Giant game publisher THQ is taking a first step into the free to play model with one of its most successful titles ever: Company of Heroes, a real-time strategy game first released in 2006 and later bolstered with expansions. The company is working with in-game monetization company Live Gamer to make the switch.
Choosing Company of Heroes as its first title to rely on virtual goods is not a hugely risky move for THQ. Boxed versions of the original game, although still popular, can already be easily found for under $10; the two expansions, though more expensive, also appear to sell fewer copies.
However, it’s clear that THQ’s move is an acknowledgment of the success social games have enjoyed over the past two years — not least because Live Gamer is primarily known for its work in that industry.
THQ’s own losses have mounted over the same time period that social games have skyrocketed through the mechanism of virtual goods. Company of Heroes should be a good test-bed for the company to decide whether to pursue the model with newer titles.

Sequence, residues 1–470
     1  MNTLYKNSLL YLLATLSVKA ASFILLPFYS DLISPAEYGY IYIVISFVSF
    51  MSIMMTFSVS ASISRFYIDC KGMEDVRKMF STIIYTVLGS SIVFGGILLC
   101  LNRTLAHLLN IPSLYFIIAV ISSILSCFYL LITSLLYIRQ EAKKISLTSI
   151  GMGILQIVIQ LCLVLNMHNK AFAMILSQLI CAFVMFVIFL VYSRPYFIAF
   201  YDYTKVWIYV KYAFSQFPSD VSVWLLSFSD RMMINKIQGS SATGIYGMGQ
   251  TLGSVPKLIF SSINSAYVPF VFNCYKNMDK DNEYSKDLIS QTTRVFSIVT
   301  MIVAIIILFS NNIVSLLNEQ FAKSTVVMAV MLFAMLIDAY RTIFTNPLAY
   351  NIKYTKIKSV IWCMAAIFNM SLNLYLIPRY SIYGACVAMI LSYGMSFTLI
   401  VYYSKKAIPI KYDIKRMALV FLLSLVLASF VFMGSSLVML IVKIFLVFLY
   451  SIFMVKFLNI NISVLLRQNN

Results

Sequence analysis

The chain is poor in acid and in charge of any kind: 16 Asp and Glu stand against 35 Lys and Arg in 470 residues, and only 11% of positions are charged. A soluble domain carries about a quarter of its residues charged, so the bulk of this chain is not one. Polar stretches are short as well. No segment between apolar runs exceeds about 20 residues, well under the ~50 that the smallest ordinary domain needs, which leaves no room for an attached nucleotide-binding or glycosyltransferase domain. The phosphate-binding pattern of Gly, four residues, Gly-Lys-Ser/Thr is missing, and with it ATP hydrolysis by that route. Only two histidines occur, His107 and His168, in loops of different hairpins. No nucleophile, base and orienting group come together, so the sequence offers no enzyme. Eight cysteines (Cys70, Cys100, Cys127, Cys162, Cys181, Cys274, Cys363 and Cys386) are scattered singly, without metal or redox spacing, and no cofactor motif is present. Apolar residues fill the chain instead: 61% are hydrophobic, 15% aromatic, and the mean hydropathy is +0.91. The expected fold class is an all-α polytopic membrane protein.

The evidence so far has been fairly positive; in a conversation with us, Live Gamer co-founder Andrew Schneider pointed out Chinese examples like Legend of Mir 2 and ZT Online that hugely increased revenue with free-to-play versions.
Schneider said that any slowness to act on the part of large traditional game publishers is less from skepticism about the model than the inertia of the old business model, in which the company’s only contact with customers is the initial sale of a game. “They’ve been disintermediated from direct consumer relationships by the box game market, so it’s hard for them to aggressively shift the business,” said Schneider. “There’s a major inflection point in who owns the end relationship.”
Now the focus is less on proving that virtual goods sales can be done at all, and more on the specifics. Live Gamer’s role is both to provide software and insight into what works. “What’s resonating most is merchandising — advanced selling and upsell techiques,” said Schneider, comparing virtual goods sales to traditional techniques of selling goods on a site like Amazon.
THQ isn’t alone; last week, we also mentioned that Lord of the Rings Online is going free-to-play, while another branded game, Star Trek Online, seems interested. Live Gamer may also be working on other partnerships.